Practice, Practice, Practice

From the time you were young, you were probably told that the best way to become better at something is to practice, practice, practice.  Sure, you cannot practice without having a firm understanding of the information, but once you have studied your outline, the next best way to study in law school is to practice multiple choice questions and essays.  The reason practicing multiple choice questions and essays proves beneficial is because no matter how much you study, sometimes when you do practice problems, you learn something that should have been included in your outline.  How do you know what you are missing?  See below!

Back Exams

Many law schools will have a law school exam archive.  In this archive, you can often find past law school exams (back exams), often times from your professor.  If the archives do not have any back exams, do not hesitate to ask your professor if he or she has any that you can use to help you study!  In addition to practicing back exams, you may find practice multiple choice questions in supplements.  One of my favorite supplements is The Glannon Guide.  Not only does The Glannon Guide break down topics with easy-to-understand explanations, The Glannon Guide provides multiple choice questions and explanations to test your knowledge of the subject matter.

Practicing exams also helps to relieve test day anxiety.  When you complete practice exams, try to time yourself.  Most law school exams are designed so that you cannot form a thorough answer.  The professors are testing who can spot the most important issue(s) and analyze the issue(s), quickly.  If there are more facts that go towards one issue, then the professor probably wants you to spend more time talking about that issue.  Students that do not practice exams may get tied up talking about one issue when that issue is not the most important issue in the fact pattern.  Therefore, practicing exams and seeing the model answer that your professor drafted can be helpful.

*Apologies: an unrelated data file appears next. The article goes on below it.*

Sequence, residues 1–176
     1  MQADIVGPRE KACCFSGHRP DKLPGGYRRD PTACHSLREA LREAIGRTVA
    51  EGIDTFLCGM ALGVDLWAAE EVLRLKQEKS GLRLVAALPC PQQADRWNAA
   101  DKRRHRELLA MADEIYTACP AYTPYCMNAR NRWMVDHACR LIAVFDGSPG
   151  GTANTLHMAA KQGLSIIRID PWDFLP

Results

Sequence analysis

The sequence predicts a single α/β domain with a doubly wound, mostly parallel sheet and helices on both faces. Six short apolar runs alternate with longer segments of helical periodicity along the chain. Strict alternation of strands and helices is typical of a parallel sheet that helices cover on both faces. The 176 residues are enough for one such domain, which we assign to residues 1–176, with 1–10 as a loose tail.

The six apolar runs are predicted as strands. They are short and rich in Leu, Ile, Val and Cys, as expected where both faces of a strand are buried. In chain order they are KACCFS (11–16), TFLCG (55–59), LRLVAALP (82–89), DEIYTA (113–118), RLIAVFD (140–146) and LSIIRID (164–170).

The 9am-5pm Theory

So you’ve probably heard that you should treat law school like a 9am-5pm job.  Am I right?  It’s not a bad idea, however, you have to realize that you are not studying from 9am-5pm.  For a good portion of the day, you are in class and will not be studying.  Therefore, you will likely have to spend your mornings and/or evenings studying.  I would say that you should treat law school like a 9am-5pm job.  But most professionals that have a 9am-5pm job do not just work from 9am-5pm. 

If you want to succeed in law school, you should be doing school work and studying more than just between the hours of 9am and 5pm.  Should you take breaks?  Absolutely!  Giving your mind a break is important.  However, as many law school students would agree, it is not possible to get all of your school work done and learn the information between the hours of 9am and 5pm.  Saying this, 9am-5pm is a good theory, but it’s not reality.

Conclusion – The Best Way to Study in Law School

The best way to study will depend on what works for you!  When you outline, break up your outline into chunks so that it does not appear intimidating.  Start outlining early and create a study schedule (and don’t forget to give yourself some breaks!).  And lastly, practice, practice, practice!  You got this! 

If you found this post helpful, you may want to learn about how to write a good law school exam answer here!